Economic hopes are rising in Armenia that the country can serve as a trade conduit for Iran now that international sanctions against Tehran are being lifted.
Armenia has long-standing ties to Iran, and is a member of the Russia-led Eurasian Economic Union (EEU), a factor that potentially increases its attractiveness as a trade partner for Tehran. Yerevan is “an important avenue for both Iran to export through Armenia into that large combined market [EEU], and as a platform for Western engagement in the now opening Iranian market,” noted Richard Giragosian, director of the non-governmental Regional Studies Center in the Armenian capital, Yerevan.
The World Bank’s country director for Armenia, Laura Bailey, told RFE/RL’s Armenian service in January that stalled energy partnerships between Iran and Armenia could be the first sector to take off.
Indeed, National Iranian Gas Exports Company Managing Director Alireza Kameli announced on February 7 that Iran is considering increasing five-fold the 1 million cubic meters of gas it sends daily to Armenia, state-run Iranian media reported. At the same time, plans for a new power line to increase Armenia’s electricity exports to Iran are developing.
The gas deal appears to fit into a larger, regional scheme. In December, quadripartite talks took place during which Armenia, Iran, and the Black Sea countries of Georgia and Russia agreed to establish a coordinating group on establishing an energy corridor linking the four countries.
“We should spare no efforts to connect the Persian Gulf with the Black Sea [via Georgia, Armenia’s northern neighbor],” Iranian President Hassan Rouhani told his Armenian counterpart, Serzh Sargsyan in a January 24 phone conversation, Iran’s MehrNews agency reported.
Negotiations already have occurred between Iran and the Georgian government about sending Iranian gas to Georgia via Armenia, Iranian state media reported Kameli, the Iranian gas official, as saying in early January.
Some Armenian experts are tempering their optimism with caution. Russian-owned companies control an estimated 80 percent of Armenia’s energy sector. Energy giant Gazprom runs the gas pipelines from Iran and on to Georgia, and it tends to look askance at competitors who might try to muscle in on their markets. At the same time, no clear sign has emerged that Moscow opposes an increase in Iranian gas exports to Armenia. The Sputnik news agency, a Kremlin mouthpiece, promptly reported Kameli’s announcement on February 7.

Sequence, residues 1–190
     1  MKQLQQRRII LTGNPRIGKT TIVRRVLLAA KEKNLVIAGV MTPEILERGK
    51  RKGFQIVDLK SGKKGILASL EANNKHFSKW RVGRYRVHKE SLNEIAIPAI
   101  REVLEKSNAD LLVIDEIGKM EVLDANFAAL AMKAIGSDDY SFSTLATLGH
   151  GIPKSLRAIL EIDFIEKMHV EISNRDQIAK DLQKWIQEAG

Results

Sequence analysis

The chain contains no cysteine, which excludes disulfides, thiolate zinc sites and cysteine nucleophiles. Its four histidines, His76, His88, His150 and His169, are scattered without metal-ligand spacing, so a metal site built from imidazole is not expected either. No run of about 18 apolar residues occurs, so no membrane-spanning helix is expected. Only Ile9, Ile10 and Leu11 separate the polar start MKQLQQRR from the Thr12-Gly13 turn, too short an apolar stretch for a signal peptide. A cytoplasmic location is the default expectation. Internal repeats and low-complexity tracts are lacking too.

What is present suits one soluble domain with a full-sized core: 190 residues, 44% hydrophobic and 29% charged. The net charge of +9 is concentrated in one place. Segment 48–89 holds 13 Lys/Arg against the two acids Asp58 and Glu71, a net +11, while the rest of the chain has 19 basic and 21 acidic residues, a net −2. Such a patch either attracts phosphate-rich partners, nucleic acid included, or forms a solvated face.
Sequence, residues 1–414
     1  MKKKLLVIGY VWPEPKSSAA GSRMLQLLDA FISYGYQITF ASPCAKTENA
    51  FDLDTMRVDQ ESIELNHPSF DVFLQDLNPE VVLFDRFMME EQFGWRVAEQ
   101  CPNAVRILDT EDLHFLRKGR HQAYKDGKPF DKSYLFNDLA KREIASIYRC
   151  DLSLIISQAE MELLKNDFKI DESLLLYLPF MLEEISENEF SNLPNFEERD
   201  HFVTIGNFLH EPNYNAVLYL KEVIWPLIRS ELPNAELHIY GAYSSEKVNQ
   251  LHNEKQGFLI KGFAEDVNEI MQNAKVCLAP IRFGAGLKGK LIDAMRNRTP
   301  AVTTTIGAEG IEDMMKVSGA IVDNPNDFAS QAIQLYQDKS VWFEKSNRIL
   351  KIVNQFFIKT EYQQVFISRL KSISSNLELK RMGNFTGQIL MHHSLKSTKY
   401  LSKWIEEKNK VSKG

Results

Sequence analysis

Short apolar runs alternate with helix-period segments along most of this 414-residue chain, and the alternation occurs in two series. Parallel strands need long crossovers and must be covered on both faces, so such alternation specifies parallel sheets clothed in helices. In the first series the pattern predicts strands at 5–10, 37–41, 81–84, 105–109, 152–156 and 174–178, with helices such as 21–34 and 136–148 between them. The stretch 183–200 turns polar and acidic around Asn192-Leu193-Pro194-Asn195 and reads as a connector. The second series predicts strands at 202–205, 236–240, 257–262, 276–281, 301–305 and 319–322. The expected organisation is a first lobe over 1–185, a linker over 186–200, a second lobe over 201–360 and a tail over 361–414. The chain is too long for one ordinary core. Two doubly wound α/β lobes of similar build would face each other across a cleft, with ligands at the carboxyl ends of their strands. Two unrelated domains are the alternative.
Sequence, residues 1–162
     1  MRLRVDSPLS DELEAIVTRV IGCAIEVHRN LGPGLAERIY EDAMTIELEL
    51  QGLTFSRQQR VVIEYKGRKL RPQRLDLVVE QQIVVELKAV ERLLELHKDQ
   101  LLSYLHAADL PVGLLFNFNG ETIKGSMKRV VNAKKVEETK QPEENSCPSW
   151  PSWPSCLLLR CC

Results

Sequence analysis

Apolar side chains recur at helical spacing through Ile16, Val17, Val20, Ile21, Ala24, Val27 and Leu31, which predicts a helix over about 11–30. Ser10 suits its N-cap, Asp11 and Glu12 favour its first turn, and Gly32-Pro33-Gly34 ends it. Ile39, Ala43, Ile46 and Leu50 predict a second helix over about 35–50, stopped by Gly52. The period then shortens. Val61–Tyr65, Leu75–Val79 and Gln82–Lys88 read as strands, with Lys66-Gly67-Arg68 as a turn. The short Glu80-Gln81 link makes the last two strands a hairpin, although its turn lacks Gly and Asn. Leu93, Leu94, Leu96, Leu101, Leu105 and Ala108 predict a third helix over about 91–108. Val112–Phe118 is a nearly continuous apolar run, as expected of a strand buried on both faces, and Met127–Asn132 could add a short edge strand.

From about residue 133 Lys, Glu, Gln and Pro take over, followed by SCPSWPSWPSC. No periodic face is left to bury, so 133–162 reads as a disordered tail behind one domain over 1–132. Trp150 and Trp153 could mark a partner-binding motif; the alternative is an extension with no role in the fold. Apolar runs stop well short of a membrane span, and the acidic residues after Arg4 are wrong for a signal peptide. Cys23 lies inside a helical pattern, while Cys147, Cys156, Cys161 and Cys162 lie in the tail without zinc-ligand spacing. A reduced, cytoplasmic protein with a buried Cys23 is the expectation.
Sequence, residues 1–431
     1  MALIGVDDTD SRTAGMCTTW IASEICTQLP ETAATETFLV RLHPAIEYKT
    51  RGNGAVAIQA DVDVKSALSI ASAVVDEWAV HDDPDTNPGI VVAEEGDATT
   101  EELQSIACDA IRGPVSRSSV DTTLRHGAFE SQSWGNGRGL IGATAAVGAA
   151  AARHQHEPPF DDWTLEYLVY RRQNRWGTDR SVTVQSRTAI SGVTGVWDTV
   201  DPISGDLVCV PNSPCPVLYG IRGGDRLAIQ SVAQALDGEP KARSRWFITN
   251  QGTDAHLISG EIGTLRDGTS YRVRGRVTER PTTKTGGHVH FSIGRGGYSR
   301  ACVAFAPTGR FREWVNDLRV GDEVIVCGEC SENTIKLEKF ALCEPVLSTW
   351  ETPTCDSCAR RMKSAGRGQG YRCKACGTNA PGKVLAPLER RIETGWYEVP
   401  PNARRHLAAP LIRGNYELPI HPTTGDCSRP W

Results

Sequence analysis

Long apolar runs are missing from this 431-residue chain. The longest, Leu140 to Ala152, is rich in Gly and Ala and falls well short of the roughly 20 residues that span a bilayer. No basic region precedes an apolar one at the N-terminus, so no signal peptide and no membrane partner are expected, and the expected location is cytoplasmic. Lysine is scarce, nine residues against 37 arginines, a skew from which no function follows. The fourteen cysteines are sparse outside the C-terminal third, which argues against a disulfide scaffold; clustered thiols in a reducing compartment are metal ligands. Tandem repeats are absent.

Iranian affairs specialist Armen Vardanian at Yerevan’s Armenian Institute of International and Security Affairs believes that “Russia will embrace the projects that will not contradict its national interests.”
“For example,” he continued, Gazprom, as the owner of the involved pipelines, “will benefit from the export of Iranian gas to Georgia and would not raise objections to it.”
Last month, Georgian Energy Minister Kakha Kaladze claimed that Russia had raised the prospect of ending its own gas exports to Armenia via Georgia, and instead having Iran provide the supplies.
Given Russia’s energy positions, Vardanian downplayed the possibility that Armenia could become a transit country for significant shipments of Iranian gas to Europe. “Russia would strongly oppose it,” he said. “Gas is the last weapon left in Russia’s political arsenal that is a means of putting pressure on some European countries, and the Kremlin will not want to lose it.”
Gazprom accounts for a majority of gas supplies to several European Union members.
The prospect of Iranian gas flooding the EU market, creating downward pressure on prices, is a major disincentive for Russia, added Giragosian. He also expressed caution when it comes to Iranian gas exports to Armenia, even via a Gazprom-run pipeline.
“There will be little incentive for allowing Armenia to escape the Russian orbit so easily. And given Armenia’s pronounced dependence on Russian gas imports, the potential of an expansion of Armenian-Iranian energy ties will be the first target of Russian pressure,” Giragosian said.
Despite these obstacles, Yerevan, he advised, should pursue a role “for engaging Iran.”
Success could provide a much-needed financial boost for landlocked Armenia, which is subject to an economic blockade by two (Azerbaijan and Turkey) of its four neighbors.
Officials and experts believe that hydropower is a sector with great potential for growth. According to an official report from Armenia’s Ministry of Energy and Natural Resources, a large-scale electricity exchange program between Armenia and Iran is planned to start in 2018. Power will also be exported north to Georgia.
The groundbreaking for a hydropower plant on the Aras River, which flows along the Iranian-Armenian border, took place in 2012, but the freezing of Iran’s international financial assets stopped further work.
Some officials have expressed hope for an expansion of transportation links. But so far, progress in this area has been slow. In late January, Armenia and Iran signed an agreement about a transportation corridor that would link Iran to Georgia. The Georgian government on February 8 announced plans to cancel visa requirements for Iranians, but Tbilisi has not, as yet, signed the transportation agreement.
Meanwhile, Armenia has started talks with China to have a proposed multi-billion-dollar, 470-kilometer-long Iran-Armenia railway included in the Beijing-promoted Silk Road project. So far the discussions have not yielded any results.
“In [the] post-sanction era, the path towards expanding economic cooperation has been unblocked,” Iranian President Rouhani told Sargsyan during the pair’s phone chat.
Gayane Abrahamyan is a freelance reporter and editor in Yerevan.
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